• “The role of the Supreme Court in turbulent times” inaugural Lord Toulson lecture at Surrey – notes
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Lord Neuberger former President of the UK Supreme Court who retired in 2017 and presided over Miller vs Government in Article 50 case towards the end of a very distinguished career.
I don’t know if lecture recorded but will share link if / when.
It was nice to see him engaging with the law students and interesting lecture on one of most important days since the referendum in terms of consequences. At time of writing I haven’t seen the results of tonight’s vote.
Please forgive straggly notes but posting because of timeliness:

Everything has to be set / assessed in context

Rule of law Lord Bingham book
Can mean different things, not timeless definition
Systems are made primarily by parliament, administered by civil service, judges apply

Properly made legislation made open, published and made by democratic legislature, not corrupt.

Fundamental that judges are independent not influenced improperly by the govt.

Confusing because minister runs a civil service dept. In US can’t be in cabinet and in Parliament.

Executive makes decision, Parliament makes the law. Gina Miller decision in Supreme Court.

If Exec pull us out of EU laws but only Parliament can change the law. Some confusion from EU Parliament Act.

Judges – economic success and social cohesion.

Deciding claims by citizens that their rights have been harmed by govt – local and national as well as protection against improper claims.

In most countries there is a written constitution. Only UK, Israel and NZ don’t have one.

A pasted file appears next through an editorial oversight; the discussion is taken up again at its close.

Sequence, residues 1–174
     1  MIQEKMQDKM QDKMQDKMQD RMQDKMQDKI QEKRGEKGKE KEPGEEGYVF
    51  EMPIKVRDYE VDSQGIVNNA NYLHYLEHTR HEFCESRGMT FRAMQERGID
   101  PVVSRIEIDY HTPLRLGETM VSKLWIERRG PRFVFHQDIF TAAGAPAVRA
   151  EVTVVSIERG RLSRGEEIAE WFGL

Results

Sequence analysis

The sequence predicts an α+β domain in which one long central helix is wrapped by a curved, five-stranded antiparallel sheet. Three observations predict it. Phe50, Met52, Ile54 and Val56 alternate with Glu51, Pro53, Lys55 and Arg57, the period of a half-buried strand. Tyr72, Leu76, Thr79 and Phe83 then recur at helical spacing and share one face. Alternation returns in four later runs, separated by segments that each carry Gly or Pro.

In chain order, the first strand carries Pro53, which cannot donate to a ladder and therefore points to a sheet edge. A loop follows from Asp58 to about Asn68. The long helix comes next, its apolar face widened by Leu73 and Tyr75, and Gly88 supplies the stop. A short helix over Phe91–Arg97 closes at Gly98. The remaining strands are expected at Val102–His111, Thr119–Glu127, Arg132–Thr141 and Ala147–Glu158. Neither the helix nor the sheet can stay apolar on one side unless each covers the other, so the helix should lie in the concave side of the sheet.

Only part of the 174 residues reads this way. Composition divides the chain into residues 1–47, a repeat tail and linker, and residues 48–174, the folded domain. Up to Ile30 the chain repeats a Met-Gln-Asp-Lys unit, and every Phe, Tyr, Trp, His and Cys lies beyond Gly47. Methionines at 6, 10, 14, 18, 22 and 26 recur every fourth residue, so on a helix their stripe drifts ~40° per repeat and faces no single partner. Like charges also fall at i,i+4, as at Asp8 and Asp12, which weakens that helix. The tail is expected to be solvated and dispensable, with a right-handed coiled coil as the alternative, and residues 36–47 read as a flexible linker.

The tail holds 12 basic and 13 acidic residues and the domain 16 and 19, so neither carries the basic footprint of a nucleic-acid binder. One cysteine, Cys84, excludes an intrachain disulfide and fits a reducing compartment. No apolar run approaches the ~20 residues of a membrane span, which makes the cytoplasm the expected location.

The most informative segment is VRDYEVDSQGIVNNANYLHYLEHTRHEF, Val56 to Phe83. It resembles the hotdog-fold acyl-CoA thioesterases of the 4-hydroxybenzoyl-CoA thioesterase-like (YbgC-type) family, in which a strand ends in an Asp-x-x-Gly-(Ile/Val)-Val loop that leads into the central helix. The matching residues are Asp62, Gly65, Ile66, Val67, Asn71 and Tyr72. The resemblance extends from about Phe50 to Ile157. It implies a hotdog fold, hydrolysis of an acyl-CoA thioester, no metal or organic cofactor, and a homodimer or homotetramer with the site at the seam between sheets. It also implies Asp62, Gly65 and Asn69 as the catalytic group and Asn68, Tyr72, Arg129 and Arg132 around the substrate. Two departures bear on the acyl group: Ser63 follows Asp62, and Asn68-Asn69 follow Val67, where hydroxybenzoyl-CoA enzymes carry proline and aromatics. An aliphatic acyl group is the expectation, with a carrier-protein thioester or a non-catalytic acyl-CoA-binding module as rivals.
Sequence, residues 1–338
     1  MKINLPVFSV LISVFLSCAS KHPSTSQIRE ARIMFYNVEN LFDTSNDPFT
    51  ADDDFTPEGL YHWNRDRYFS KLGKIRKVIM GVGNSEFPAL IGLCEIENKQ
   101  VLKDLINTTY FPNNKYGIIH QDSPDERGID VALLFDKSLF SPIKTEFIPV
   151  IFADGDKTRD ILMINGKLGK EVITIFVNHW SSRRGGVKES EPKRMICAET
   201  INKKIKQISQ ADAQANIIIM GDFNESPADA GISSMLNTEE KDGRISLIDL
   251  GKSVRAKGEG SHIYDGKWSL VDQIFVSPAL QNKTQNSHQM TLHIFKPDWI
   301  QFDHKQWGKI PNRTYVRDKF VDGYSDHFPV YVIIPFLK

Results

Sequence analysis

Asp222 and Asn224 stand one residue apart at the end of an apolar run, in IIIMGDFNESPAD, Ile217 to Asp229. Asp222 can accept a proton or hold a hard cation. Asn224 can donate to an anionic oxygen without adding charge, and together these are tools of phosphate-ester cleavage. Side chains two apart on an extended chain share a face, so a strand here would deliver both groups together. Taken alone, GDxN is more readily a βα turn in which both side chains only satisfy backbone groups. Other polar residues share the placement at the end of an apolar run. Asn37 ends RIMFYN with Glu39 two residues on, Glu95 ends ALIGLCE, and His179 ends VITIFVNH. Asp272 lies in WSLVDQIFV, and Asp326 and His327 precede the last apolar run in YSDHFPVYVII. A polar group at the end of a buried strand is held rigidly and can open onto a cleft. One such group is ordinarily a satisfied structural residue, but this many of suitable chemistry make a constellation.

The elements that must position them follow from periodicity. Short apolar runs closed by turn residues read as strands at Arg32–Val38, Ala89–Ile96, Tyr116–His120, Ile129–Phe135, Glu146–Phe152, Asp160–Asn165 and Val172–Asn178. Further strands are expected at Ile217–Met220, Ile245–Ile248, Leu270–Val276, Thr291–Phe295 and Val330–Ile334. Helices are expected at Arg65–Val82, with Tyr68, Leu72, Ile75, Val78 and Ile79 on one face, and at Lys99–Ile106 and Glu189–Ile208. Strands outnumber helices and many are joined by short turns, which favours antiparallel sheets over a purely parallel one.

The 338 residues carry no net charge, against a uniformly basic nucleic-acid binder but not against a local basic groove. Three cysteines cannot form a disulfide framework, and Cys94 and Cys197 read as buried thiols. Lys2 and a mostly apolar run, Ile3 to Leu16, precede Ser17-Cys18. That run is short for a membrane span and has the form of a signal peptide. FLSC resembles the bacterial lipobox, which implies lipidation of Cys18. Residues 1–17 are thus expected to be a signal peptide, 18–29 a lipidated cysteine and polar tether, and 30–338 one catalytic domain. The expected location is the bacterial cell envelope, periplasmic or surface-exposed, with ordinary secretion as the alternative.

We have reacted to crises and socio-economic changes.

We do have constitutional rules – Parliamentary supremacy in making laws and independent judiciary. But not clear, taken for granted.

Magna Carta – 68 originally now 3 left. Courts less powerful now. In US Supreme Court can overrule Senate & Congress.

Get round it – don’t overrule it, interpret it and accept political cost in absence of express language. So some influence.

Common law – uniquely English concept – used in Commonwealth and some of in US. Judges can develop some of the law. Can modify, bring up to date on previous judgements – one of reasons why UK legal system is successful especially in commercial law. 40% of commercial contracts use English law.

1966-2016 huge changes in legal landscape, then cases mushroomed – people being treated unfairly by govt – due to more executive control and disruptive 60s.

Judges became much more active and influential. Then late 90s, big changes e.g. devolution – 3 Parliaments outside Westminster and powers devolved by statute. So judges having constitutional role in deciding devolved powers. Particular role for Supreme Court, so devolved courts initially before SC. Only UK court is Supreme Court.

2005 Constitutional Reform Act – judges more power from Executive, Lord Chanceller role replaced by President of Supreme Court and Lord Chief Justice for England & Wales.